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Doug Axe: A Real Scientist, Not a Brain-Dead Darwinist


In another UD thread I made a passing comment about the fact that I had just read Doug Axe’s essay on protein folds in The Nature of Nature.

I commented:

Speaking of The Nature of Nature, today I read Doug Axe’s essay, The Nature of Protein Folds: Quantifying the Difficulty of an Unguided Search through Protein Sequence Space on page 412. Anyone who reads this and comes away believing that Darwinian mechanisms can produce this technology is living on another planet than I do, or perhaps in a hyper-version of Alice’s Wonderland where a near infinite number of impossible things are believed before breakfast.

You can reference the thread in the link above for comments from Mung, who went to the trouble of typing up some of Doug’s text. And bornagain77 went to the trouble of supplying the following video links:

Functional Proteins And Information For Body Plans

Evolution Vs. Functional Proteins – Where Did The Information Come From?

Nothing In Molecular Biology Is Gradual

The bottom line is the following: Richard Dawkins’ Mount Improbable does not have a backside with lots of tiny stairs. Dawkins and his ilk are the real pseudoscientists and dogmatists. They make up stories out of whole cloth with no empirical, mathematical, or other validation/scrutiny, and then declare that their conclusions must be accepted because the obvious alternative of design is philosophically unacceptable.

This is not science. This is the antithesis of science. Doug Axe is a real scientist who follows the evidence where it leads.

Zeroseven I understand why you might have found T. lise's sentence funny. However the word "articulative" is still an acceptable adjective given the context. Although I'm not sure whether a grammatical faux pas was indeed made on T. Lise's part, it should be pointed out that: Some accepted synonyms for ARTICULATIVE include: Clear, fair, unclouded, precise, and intelligible. So even if T. Lise had intended to say ARTICULATE, the sentence is fine. MedsRex
"One thing good about Doug Axe is, he is articulative." That's funny. zeroseven
One thing good about Doug Axe is, he is articulative. We in ID camp need more of that in addition to evidences. T. lise
OT: I just ran across this quote that some may want to use for reference: "Today there is an explosion of knowledge going on in the study of gene regulatory networks. But it is not led, assisted, or even inspired by the theory of evolution. "We have little empirical knowledge on the evolutionary history of such networks."-- Dean, Antony M., Joseph W. Thornton. September 2007. Mechanistic approaches to the study of evolution: the functional synthesis. Nature Reviews Genetics, Vol. 8, pp. 675-688. http://www.newgeology.us/presentation32.html bornagain77
In one of the videos linked above Stephen Meyer comments on Doug Axe's discovery that one in 10^74 possible proteins are potentially biologically functional. Meyer points out that there are 10^65 atoms in our galaxy, so finding a functional protein with a random search is like looking for one marked atom in the entire Milky Way. Actually, 10^74 is 10^65 x 10^9, so its actually like looking for one marked atom in a billion Milky Way galaxies. GilDodgen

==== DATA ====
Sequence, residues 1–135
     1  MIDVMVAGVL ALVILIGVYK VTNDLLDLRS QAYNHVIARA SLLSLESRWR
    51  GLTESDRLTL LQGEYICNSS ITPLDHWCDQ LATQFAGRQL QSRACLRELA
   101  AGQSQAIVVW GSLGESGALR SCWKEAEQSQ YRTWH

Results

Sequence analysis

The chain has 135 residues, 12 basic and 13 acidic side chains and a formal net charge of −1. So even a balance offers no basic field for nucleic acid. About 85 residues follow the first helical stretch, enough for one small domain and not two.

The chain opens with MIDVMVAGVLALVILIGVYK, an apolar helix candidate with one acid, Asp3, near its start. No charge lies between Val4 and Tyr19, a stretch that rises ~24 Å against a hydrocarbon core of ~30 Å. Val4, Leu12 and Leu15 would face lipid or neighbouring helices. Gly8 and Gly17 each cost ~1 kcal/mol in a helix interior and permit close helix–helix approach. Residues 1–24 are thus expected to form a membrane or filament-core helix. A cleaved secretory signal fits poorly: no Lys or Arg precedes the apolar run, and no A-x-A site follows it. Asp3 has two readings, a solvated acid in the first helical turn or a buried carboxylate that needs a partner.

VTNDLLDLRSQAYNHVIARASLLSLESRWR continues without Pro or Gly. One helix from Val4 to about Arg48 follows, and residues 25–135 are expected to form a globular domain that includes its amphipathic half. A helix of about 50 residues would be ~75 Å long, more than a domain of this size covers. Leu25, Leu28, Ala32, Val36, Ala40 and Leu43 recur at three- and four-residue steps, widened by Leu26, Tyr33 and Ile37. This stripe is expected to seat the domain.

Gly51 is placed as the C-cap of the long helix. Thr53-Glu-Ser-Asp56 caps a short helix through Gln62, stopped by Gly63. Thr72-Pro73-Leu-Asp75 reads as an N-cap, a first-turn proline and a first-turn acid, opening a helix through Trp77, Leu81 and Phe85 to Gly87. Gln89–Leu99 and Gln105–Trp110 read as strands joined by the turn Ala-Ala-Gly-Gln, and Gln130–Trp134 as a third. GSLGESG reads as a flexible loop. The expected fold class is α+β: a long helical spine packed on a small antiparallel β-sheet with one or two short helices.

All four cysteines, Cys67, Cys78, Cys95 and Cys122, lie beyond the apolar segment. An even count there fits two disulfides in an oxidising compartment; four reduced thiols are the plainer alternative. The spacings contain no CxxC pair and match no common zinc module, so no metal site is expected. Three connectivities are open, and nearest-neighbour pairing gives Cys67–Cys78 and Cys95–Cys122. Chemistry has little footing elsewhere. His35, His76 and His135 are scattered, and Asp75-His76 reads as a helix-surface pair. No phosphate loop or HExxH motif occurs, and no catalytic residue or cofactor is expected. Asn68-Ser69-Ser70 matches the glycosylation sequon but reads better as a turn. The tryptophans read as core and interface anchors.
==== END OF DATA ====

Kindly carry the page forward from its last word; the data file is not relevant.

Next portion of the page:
In his work of clarifying the extreme rarity of unique protein folds, Doug Axe has really done an excellent job of illustrating the sheer poverty that neo-Darwinian processes have for creating anything of significance whatsoever, much less the staggering, and unmatched, levels of integrated protein complexity that set life completely apart from even the most advanced machines man has ever made. ,,, And this is really where the rubber meets the road as far as Darwinists establishing any sort of scientific plausibility in the first place. i.e. If neo-Darwinian processes cannot even account for even a single novel functional protein, how in the world are they going to account for a entire city of unparalleled complexity that is a cell? "To grasp the reality of life as it has been revealed by molecular biology, we must first magnify a cell a thousand million times until it is 20 kilometers in diameter and resembles a giant airship large enough to cover a great city like London or New York. What we would see then would be an object of unparalleled complexity,...we would find ourselves in a world of supreme technology and bewildering complexity." Geneticist Michael Denton PhD., Evolution: A Theory In Crisis, pg.328 Systems biology: Untangling the protein web - July 2009 Excerpt: Vidal thinks that technological improvements — especially in nanotechnology, to generate more data, and microscopy, to explore interaction inside cells, along with increased computer power — are required to push systems biology forward. "Combine all this and you can start to think that maybe some of the information flow can be captured," he says. But when it comes to figuring out the best way to explore information flow in cells, Tyers jokes that it is like comparing different degrees of infinity. "The interesting point coming out of all these studies is how complex these systems are — the different feedback loops and how they cross-regulate each other and adapt to perturbations are only just becoming apparent," he says. "The simple pathway models are a gross oversimplification of what is actually happening." http://www.nature.com/nature/journal/v460/n7253/full/460415a.html Molecular Biology Animations - Demo Reel http://www.metacafe.com/w/5915291/ "There are no detailed Darwinian accounts for the evolution of any fundamental biochemical or cellular system only a variety of wishful speculations. It is remarkable that Darwinism is accepted as a satisfactory explanation of such a vast subject." James Shapiro - Molecular Biologist further note; First-Ever Blueprint of 'Minimal Cell' Is More Complex Than Expected - Nov. 2009 Excerpt: A network of research groups,, approached the bacterium at three different levels. One team of scientists described M. pneumoniae's transcriptome, identifying all the RNA molecules, or transcripts, produced from its DNA, under various environmental conditions. Another defined all the metabolic reactions that occurred in it, collectively known as its metabolome, under the same conditions. A third team identified every multi-protein complex the bacterium produced, thus characterising its proteome organisation. "At all three levels, we found M. pneumoniae was more complex than we expected," http://www.sciencedaily.com/releases/2009/11/091126173027.htm bornagain77